Rubber Soul began the process of bringing out the matches to burn their earlier reputation as a peppy, happy rock band that sang songs about love.  Almost every single Beatles song from 1962 to 1965 was about love.  One can only gather that they were getting tired of the love songs.  However, Rubber Soul was merely getting out the matches.  By early 1966, it seemed all they really wanted to do was throw on the tape loops, bring in the orchestra, and sing about acid trips.  Hence,  with Revolver, they set a fire to their previous image that would be impossible to put out.

Keen to explore new ideas and methods of recording, the Beatles made an album that seemed to break rules that a lot of people didn’t even know existed in pop music, and they made it seem so simple.  They seemed more determined than ever to work within genres of music they either hadn’t delved too deep into in the past, or hadn’t delved into at all.  Revolver offers classical (“Eleanor Rigby”), Indian (“Love You To”), funk (“Taxman”), soul/Motown (“Got To Get You Into My Life”), baroque (“For No One”), and musique-concrete (“Tomorrow Never Knows”).  The way the Beatles incorporated these other musical styles into their brilliant songwriting would permanently affect what could and could not be considered rock and roll.  A song like “Eleanor Rigby” wasn’t something you heard on what could be called a rock and roll album before Revolver, but from that point onwards, all kinds of rock bands, particularly all the upcoming prog-rock bands, would be using full orchestras to colour their music.  The full-blown raga sounds of “Love You To” had never touched a slab of rock and roll vinyl before Revolver, but they could be found on more psychedelic albums in the following years than there were hippies doing acid.  The meandering, swooping tape loops of “Tomorrow Never Knows” were only in common use by the likes of avant-garde composers like John Cage and Karlheinz Stockhausen before Revolver, but afterwards, the tape loop became one of the common sounds heard when bands wanted to create spacy, weird sounds…at least until the Moog synthesizer came around a few years later.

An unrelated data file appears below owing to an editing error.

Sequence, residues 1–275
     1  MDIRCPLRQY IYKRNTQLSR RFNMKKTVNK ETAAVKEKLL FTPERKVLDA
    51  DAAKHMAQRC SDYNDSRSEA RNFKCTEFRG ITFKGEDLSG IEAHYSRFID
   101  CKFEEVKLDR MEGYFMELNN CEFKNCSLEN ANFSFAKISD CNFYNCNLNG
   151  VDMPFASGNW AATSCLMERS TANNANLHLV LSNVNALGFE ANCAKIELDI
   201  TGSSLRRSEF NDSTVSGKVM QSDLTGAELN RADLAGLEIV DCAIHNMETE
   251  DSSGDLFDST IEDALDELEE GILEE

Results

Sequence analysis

Revolver is not all manic experimentation.  There are still some pretty straightforward rock songs on Revolver, but they seemed to build upon all the other straightforward rock songs they had written before.  A large part of this growth had to do with the instrumentation.  For starters, John Lennon and George Harrison had never played guitar together so well before.  On songs like “And Your Bird Can Sing”, “She Said, She Said” and “Doctor Robert”, it sounds like Lennon and Harrison are trying to make their guitars sound like airplanes flying together, creating works of art in the sky with their exhaust.  McCartney began working out incredibly inventive and prominent bass lines, which seem higher in the mix than ever before.  Ringo’s drumming seemed just as simple as it ever was, but he seemed to be getting more creative in his simplicity.

What about the songwriting on Revolver?  Let’s just say the subject matter took a sharp left turn.  The love songs that were so plentiful in the past are scarce on Revolver.   There are more songs about drugs on this album than there are ones about love.  “Tomorrow Never Knows” is a guide to LSD tripping.  “She Said, She Said” was about something Peter Fonda said to Lennon while they were on LSD.  “Dr. Robert” was about a doctor who gave LSD to some of his patients.  You get the idea.  They did tackle the topic of love on occasion.  “Here, There, and Everywhere” is one of the most beautiful, moving love songs they ever recorded, but “Love You To”, with its relatively dismal vision of love, isn’t exactly romantic.  It seemed that whatever they were singing about, they hadn’t even came close to singing about it before.

Revolver is the kind of album that can only come once.  It was the first album to really press completely new territory for the Beatles and rock and pop music in general.  Proof of that is in the fact that when you listen to this album today, it still sounds incredibly original and it will still send shivers down your spine.  I wonder what people were thinking when they first heard it in 1966, especially those who were used to “She Loves You”, & “Yesterday”.  There have been many albums since Revolver that have pushed a lot of new ground and broken a lot of rules, but it seems that none of them have or will match its originality and influence.  There is probably a good reason we always see Revolver at the top of “best albums ever made” lists.  It’s probably because there are very few albums that seem so deserving.